The narrator poses as an objective, unemotional chronicler of a dying social phenomenon. He records the early years of the profession of fasting with cold detachment and with more than a modicum of irony. For example, he exaggerates and then undercuts the moral claim of the hunger artist, describing him as “this suffering martyr, which indeed he was, although in quite another sense.” When the public loses interest in fasting, the narrator seems to smile, “at any rate the pampered hunger artist suddenly found himself deserted one fine day by the amusement seekers.” The amused tone of this cosmic chronicler adds to the reader’s sense of the artist’s growing isolation. As the historian describes the hunger artist’s experience in the circus, the tension of the narrative increases.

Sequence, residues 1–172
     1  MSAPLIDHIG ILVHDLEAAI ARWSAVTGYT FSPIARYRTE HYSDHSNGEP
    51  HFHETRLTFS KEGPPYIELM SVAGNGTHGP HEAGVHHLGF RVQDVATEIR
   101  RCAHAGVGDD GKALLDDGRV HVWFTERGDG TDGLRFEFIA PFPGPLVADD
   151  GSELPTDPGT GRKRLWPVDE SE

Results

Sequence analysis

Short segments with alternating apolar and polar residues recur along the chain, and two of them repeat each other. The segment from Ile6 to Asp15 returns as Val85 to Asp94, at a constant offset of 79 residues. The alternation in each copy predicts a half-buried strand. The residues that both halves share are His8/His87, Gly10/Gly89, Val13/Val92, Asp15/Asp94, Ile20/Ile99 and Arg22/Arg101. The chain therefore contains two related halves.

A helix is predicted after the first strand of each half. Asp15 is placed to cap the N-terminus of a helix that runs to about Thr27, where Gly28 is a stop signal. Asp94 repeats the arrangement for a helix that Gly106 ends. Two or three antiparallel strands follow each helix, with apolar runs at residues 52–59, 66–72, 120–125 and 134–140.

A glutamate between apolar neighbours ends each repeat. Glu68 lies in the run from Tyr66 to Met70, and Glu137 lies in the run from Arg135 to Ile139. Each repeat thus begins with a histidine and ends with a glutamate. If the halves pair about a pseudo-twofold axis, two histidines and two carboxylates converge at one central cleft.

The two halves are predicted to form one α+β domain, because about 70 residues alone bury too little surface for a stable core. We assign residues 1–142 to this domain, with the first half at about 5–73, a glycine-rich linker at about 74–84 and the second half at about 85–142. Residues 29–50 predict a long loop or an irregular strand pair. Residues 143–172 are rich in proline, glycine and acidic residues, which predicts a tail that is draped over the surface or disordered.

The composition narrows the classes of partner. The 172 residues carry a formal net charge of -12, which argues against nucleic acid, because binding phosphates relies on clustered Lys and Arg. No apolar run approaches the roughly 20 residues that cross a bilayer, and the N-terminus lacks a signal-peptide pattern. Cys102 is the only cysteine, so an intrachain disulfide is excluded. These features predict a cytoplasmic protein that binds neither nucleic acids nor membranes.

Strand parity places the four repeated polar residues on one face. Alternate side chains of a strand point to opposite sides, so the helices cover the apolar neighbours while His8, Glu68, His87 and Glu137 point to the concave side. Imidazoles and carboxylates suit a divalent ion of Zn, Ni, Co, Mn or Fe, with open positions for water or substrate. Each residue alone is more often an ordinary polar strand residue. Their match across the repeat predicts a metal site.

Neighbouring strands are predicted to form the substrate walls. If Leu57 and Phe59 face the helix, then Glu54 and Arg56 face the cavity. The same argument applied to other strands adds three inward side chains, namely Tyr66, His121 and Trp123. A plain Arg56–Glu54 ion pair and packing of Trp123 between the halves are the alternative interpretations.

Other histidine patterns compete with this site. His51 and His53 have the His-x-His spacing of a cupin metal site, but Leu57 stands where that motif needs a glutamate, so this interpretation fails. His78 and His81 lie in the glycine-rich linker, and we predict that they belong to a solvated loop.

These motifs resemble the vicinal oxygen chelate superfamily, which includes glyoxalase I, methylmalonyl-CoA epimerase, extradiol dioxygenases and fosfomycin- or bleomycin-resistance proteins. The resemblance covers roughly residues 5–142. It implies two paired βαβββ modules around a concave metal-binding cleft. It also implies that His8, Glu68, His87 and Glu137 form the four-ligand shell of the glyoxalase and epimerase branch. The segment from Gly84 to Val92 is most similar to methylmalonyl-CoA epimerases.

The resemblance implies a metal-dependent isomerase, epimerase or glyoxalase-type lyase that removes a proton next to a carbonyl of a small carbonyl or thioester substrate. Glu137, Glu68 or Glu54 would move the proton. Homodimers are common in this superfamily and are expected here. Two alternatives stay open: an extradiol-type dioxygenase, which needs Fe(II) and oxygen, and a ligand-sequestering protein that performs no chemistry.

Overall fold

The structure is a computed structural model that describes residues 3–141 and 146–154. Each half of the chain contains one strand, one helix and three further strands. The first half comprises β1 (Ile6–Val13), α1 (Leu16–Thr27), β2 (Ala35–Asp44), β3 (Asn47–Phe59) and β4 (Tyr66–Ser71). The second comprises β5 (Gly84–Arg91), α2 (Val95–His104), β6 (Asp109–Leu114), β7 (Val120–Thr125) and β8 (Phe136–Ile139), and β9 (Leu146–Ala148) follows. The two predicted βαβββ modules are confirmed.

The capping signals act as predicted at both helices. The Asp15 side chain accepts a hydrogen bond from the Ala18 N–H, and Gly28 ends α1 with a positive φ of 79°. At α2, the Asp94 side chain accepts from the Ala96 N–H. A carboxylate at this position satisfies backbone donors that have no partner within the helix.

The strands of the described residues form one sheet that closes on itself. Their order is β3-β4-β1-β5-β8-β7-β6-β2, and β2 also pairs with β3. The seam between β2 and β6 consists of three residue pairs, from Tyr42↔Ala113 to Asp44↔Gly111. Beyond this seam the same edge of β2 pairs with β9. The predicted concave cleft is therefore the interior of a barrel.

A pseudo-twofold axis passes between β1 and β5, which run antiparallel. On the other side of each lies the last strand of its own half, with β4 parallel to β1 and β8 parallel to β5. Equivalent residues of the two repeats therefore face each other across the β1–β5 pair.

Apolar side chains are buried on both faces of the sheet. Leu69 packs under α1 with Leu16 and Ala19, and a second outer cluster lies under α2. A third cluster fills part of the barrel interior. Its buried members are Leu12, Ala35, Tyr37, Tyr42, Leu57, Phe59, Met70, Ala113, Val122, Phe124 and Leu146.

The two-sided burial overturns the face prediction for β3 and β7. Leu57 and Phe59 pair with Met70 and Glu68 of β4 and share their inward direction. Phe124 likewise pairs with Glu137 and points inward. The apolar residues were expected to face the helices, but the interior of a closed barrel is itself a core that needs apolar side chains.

In this section, the narrator often expresses the yearnings and frustrations of the hunger artist: “Just try to explain to anyone the art of fasting! Anyone who has no feeling for it cannot be made to understand it.” The narrator’s voice again merges with the feelings of the artist when the viewers question the accuracy of the numbers posted on the placard: “that was in its way the stupidest lie ever invented, by indifference and inborn malice.” By shifting from an objective to a subjective perspective, the narrator emphasizes the unbridgeable gulf between the longing artist and the world. The final shift in perspective and tone comes in the description of the hunger artist’s death. The narrator now returns to the earlier, uninflected style. The rapid pace of the prose and the cold, impersonal tone emphasize the total insignificance of the artist: “’Well, clear this out now!’ said the overseer, and they buried the hunger artist, straw and all. Into the cage they put a young panther.” The closing image of the public’s admiration of the panther is a disturbing reminder that even a person’s death by slow starvation is not sufficient to disturb the placidity of the self-indulgent world.